1. Bill: Sounds like you are doing so well! Except for that terrible fall anyway. I highly recommend the following book:
      “Building Bone Vitality” by Amy Lanou and Michael Castleman

      Also, you might check out Brenda Davis’ book Becoming Vegan.

      Both are great sources of information about eating plant based and bone health. These sources might prompt you to tweak your diet, but over all should support what you are doing and provide assurance for your doctor.

      You might also check out some of the other videos on this site showing how diet affects bone health.

      Hope that helps.

  9. is heart attack a potential risk from calcium supplementation? Is there a safe amount of calcium to take, and what form is best – lactate, carbonate, citrate, chelated?

  10. Can you consume too much calcium from supplements? I don’t have a calcium deficiency, but being vegan everyone is telling me to supplement my calcium. I thought that an excess of calcium can land in the heart or in bones joints (like sandpaper). Any thoughts?

    1. There is no need to supplement calcium. Calcium needs are lower if you are not consuming animal products and if sodium is low.

      “Reducing animal protein intakes by 40 g reduces the intercept [calcium balance] value and requirement to 600 mg. Reducing both sodium and protein reduces the intercept value to 450 mg.”


      Eat plenty of dark leafy greens, such as kale and collarsd, as well as beans. You can track your nutrient intake with https://cronometer.com/

  11. Hello Doctor Greger,
    Thank you for all your research and helpful information.
    My mom is 70 years old and she has been a vegan for one year. her doctor recommended injection of Prolia twice a year for her osteoprosis.
    I want to know your opinion on Prolia.
    Please advise whether it is a safe and useful drug for Osteoprosis and if there are other ways to treat osteoprosis.
    Thank you for your help.

  12. with regard to veganism–

    1. please explain why no native people ever found were vegans

    2. please explain why left alone in the wild, a human’s only hope is to
    find animal-based food

    3. please explain why veganism requires, for most people, cooking, a
    totally unnatural intrusion to, and destruction of natural food

    thank you,

    dr. w

    1. “Dr.” w, this website is evidenced based.
      There is no peer-reviewed published evidence in support of your questions’ premise:

      1) Humans have evolved to eat plants. Here is peer-reviewed published evidence: http://www.sciencedirect.com/science/article/pii/S1095643302003458 This is one of hundreds.

      2) Maybe you can provide some insight as to why “left alone in the wild”
      chimpanzees, our closest extant relative with 97% of DNA conserved between our species, only eat fruit, and flourish, just like humans do. Keep in mind there is no difference between eating raw fruit all day long in my kitchen and being “left alone in the wild” and eating nothing but fruit.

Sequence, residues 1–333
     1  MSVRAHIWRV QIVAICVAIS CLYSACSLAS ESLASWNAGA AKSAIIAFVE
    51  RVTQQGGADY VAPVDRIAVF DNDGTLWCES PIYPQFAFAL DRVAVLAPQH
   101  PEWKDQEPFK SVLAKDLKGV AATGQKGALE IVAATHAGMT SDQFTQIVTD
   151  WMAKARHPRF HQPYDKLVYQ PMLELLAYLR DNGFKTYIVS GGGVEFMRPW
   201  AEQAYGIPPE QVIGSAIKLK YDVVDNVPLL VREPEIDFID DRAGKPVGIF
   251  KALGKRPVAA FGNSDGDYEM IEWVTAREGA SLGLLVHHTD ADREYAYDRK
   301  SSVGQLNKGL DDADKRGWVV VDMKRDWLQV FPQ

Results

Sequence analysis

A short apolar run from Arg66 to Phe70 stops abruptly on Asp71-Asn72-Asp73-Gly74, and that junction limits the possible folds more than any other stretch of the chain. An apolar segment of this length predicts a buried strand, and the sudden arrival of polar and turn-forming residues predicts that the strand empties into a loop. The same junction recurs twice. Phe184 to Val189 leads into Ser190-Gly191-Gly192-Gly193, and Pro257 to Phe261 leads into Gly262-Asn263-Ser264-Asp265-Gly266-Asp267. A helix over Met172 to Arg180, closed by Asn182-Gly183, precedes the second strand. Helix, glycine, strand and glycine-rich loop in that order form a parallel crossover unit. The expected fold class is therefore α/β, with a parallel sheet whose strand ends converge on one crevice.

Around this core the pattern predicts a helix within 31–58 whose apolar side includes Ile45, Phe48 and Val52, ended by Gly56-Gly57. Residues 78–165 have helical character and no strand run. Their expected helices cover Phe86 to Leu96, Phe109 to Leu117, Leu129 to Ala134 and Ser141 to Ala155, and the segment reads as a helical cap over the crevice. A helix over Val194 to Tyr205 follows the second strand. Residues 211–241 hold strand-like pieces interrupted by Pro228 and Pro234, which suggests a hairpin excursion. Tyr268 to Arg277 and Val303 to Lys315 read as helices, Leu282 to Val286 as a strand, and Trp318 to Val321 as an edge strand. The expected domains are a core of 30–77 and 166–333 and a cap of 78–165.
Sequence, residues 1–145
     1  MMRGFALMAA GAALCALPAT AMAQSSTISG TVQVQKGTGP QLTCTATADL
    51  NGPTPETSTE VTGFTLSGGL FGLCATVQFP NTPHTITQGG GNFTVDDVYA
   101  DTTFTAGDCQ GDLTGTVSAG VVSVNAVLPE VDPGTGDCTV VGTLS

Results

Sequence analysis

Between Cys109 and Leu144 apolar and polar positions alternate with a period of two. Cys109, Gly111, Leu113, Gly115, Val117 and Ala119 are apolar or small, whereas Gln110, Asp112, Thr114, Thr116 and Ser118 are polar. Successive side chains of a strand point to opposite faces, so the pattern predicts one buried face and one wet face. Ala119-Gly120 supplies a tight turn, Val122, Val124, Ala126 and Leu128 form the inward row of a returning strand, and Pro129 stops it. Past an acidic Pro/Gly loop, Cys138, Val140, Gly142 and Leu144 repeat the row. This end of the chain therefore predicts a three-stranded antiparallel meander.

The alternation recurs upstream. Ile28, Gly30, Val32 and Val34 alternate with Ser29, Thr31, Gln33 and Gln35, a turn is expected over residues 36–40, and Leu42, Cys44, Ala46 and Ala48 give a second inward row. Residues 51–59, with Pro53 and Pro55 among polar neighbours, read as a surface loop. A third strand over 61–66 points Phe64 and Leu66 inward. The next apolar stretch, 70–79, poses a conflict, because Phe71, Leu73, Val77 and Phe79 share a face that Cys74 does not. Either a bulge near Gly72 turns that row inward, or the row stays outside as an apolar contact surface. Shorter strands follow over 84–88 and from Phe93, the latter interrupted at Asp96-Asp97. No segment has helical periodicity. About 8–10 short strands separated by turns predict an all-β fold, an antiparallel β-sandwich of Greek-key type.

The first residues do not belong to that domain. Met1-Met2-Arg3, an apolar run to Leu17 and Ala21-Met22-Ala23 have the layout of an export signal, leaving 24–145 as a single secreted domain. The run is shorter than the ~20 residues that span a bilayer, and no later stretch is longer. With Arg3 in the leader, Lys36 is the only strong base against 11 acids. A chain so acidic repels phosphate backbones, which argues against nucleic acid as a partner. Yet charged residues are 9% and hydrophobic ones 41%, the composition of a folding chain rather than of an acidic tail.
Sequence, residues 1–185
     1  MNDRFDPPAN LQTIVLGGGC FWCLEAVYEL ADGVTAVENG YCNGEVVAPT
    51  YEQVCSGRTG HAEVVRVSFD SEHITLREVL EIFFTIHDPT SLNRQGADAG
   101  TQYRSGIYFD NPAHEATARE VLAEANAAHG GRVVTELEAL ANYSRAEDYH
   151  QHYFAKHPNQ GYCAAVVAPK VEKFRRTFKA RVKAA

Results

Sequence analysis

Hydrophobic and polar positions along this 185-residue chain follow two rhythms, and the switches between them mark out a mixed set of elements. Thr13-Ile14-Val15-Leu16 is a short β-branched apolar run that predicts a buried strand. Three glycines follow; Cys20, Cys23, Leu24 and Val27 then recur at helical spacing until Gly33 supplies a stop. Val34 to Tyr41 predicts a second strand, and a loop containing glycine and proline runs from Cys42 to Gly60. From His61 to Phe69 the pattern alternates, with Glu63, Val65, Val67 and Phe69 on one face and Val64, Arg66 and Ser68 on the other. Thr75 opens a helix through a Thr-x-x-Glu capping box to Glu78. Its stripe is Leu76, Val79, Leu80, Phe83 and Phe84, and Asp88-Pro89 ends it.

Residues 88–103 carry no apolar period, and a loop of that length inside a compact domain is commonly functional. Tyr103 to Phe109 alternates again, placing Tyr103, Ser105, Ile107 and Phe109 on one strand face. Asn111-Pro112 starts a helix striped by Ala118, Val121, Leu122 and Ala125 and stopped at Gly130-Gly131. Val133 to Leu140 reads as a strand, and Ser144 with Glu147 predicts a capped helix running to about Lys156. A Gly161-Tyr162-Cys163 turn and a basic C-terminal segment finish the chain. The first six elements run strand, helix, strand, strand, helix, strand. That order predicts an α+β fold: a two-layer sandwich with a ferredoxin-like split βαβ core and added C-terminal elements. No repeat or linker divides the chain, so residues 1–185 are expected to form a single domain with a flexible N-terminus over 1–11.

3) You’d be the first vegan I’d ever heard of that cooks all their fruit.
      And, as the other poster brought up, you won’t live too long eating raw meat all the time considering all the parasites such as Trichinella spiralis that will make you very very sick.

      If you still believe you’re correct, we’d all love to see some peer-reviewed evidence in support of your claims. What? It doesn’t exist?
      We knew that already.


  13. Hi! I have a fairly healthy vegan diet and take vitamin D supplements frequently since I live in Scandinavia. On my latest blood test results I had low values of vitamin D and on calcium. I do, though, drink coffee often – 2 to 4 cups a day – and I have been having very dry skin and eczema like neve before. Some readings suggest that low calcium might affect skin this way and others suggest that coffee might reduce calcium absorption. I have been noticing drier, irritated skin on the day after I have 4 to 5 cups of coffee. Is there a link to all this? Thank you in advance.

  14. Hopefully, its ok to ask this here. I tried to ask this on the fb page How Not to Die, and was told it really wasn’t the right place to ask it. The admin I think tried to answer the question, and no disrespect to her, but it was not satisfactory. and no, I have not yet read the book, but am familiar with Dr. Greger, his lectures and many videos. This is from Dr. Greger(in fact I got to this page by clicking on “bone mineral density” in the following) “The idea that the acid-forming quality of animal protein has to be buffered by calcium from the bones, thus leading to bone loss, might not be true. However, despite the fact that milk-drinkers have a higher calcium intake, long-term vegans were found to have the same bone mineral density.” (now that “summary” was updated in 2016, but lead me to this video from 2010) I am wondering if Dr. Greger, or those answering questions for him, might point me to that study. I have found two studies that say the opposite–essentially that while protein is critical to calcium absorbtion, there is a significant difference between animal and plant protein, with intake of plant protein being negative associated with BMD. The two studies are at the end of this entry. I did find one study that said bone mineral density was the same, but it was in a young cohort (age 30s approx.), and could not conclusively state how plant based folks will fare as they enter later years when bone loss and hip fracture is more common. May I say, I am not here to try to prove a plant based diet is unhealthy. I am here for the opposite reason. I encourage people constantly to adopt a plant based diet, and I feel that if I come across a question, I need to explore it. My family, including my two children, have adopted a plant based diet because of me. That places on me a huge responsibility to make sure I haven’t missed anything, and to ask questions when it seems warranted. Thank you